Fundamentalist Christianity is positively obsessed with the idea that female sexuality is the source most of the nation’s woes, and that the world is going to hell because women dress immodestly and have sex for their own reasons instead of just for baby-making and husband-placating. When you see sex as the problem, it becomes hard to see rape as anything but another sexual sin. If you see women as the controllers of sex and the people who have the responsibility of enforcing chastity, then the natural conclusion is that rape is caused by women, and that it’s as much, if not more, a woman’s fault for tempting a man to rape her as it is the man’s for violently assaulting a woman.Tags: christian fundamentalism, women's rights
... From Ross Douthat in the New York Times arguing that women have the power to convert men from cads to good guys merely through the power of not having sex with them, to all the endless sermons about modesty and not causing men to "stumble," the message in the Christian right is clear: Men’s choices, especially men’s sexual choices, are the responsibility of women. So if a man chooses to rape you, it’s understood not as him asserting dominance over you, but as the man taking the liberties you must have extended to him. ...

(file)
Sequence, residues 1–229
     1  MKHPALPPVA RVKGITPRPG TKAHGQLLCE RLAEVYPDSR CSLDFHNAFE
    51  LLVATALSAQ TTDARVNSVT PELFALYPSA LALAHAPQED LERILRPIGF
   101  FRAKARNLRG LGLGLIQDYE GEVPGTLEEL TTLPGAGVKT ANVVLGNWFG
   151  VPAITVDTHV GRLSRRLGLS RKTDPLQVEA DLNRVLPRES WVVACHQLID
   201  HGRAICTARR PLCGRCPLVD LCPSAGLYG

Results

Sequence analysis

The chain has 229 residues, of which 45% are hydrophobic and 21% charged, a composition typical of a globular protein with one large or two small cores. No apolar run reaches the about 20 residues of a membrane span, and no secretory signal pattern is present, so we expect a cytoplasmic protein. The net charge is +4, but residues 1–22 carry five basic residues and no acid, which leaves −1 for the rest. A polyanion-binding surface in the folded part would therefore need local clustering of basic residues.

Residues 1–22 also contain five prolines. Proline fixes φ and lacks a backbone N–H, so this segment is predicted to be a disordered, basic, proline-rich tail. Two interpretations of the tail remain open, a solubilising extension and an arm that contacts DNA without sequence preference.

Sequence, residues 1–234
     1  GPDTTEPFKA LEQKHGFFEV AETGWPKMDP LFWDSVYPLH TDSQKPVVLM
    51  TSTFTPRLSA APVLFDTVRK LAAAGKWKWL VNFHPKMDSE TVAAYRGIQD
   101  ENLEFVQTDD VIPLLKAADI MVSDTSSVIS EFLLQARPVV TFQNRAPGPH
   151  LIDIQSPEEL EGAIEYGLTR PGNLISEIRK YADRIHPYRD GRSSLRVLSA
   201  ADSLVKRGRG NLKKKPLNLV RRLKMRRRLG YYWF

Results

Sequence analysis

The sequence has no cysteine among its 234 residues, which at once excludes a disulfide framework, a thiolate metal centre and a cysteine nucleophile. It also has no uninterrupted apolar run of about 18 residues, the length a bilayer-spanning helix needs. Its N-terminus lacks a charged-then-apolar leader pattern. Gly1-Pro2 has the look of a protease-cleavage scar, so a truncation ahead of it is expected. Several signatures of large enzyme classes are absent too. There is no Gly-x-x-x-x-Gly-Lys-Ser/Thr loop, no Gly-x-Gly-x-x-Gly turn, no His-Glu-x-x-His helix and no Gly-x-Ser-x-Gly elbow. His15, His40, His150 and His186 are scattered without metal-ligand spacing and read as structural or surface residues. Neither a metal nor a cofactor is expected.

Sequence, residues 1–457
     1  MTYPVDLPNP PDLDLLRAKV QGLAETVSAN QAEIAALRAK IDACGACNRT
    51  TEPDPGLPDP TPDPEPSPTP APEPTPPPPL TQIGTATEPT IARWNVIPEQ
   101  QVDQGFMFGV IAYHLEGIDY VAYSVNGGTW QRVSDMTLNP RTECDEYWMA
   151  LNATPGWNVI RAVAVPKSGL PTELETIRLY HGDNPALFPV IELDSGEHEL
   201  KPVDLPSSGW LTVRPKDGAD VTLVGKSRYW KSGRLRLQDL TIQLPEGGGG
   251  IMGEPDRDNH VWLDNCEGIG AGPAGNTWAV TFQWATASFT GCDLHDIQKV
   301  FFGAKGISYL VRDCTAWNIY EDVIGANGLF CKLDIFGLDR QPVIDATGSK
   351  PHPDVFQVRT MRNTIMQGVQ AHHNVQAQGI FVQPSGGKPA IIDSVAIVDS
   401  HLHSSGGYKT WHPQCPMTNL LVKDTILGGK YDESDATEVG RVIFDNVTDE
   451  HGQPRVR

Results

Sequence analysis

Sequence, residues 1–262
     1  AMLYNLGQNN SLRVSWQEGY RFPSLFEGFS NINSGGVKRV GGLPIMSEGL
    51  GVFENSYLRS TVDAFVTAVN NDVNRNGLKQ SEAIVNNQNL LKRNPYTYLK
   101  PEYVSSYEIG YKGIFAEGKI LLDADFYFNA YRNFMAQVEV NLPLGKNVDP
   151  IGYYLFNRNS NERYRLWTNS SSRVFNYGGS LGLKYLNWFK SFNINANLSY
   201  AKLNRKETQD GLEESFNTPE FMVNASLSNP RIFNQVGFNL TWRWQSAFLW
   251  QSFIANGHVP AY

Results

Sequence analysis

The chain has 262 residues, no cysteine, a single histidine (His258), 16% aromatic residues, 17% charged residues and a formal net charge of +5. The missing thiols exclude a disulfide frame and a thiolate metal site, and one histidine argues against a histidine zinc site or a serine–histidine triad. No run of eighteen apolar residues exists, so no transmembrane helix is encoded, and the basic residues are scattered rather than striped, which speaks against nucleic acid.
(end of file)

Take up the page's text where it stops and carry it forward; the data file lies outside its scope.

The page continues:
Built into the very core of the religious right is the idea that female autonomy is a threat to be stomped out, and not just in its attacks on women who choose abortion or premarital sex or, gasp, to live as lesbians. The entire model of proper female behavior for the Christian right is built on submission. It’s evident in the adherence to the belief that husbands are the head of their wives. Recently, Christian right icons Jim Bob and Michelle Duggar explained their belief that wives are obliged to have sex with their husbands whenever they want and on their terms. Fundamentalist Christians deeply distrust and are hostile to the idea that the proper owner of a woman's body is the woman. If rape is a violation of female autonomy, but you believe female autonomy is sinful, then it becomes difficult, if not impossible, to take rape seriously as a crime. [my emphasis]
Monday, February 24, 2014
Christian fundamentalism, women's sexuality and rape
Amanda Marcotte has a good essay on how Christian fundamentalist views of women is based on a model of female submissiveness and the problems that can cause women in that environment when it comes to sexual assault (How the Christian Right's Bizarre Sex Obsessions Let Rapists Off the Hook AlterNet 02/20/2014):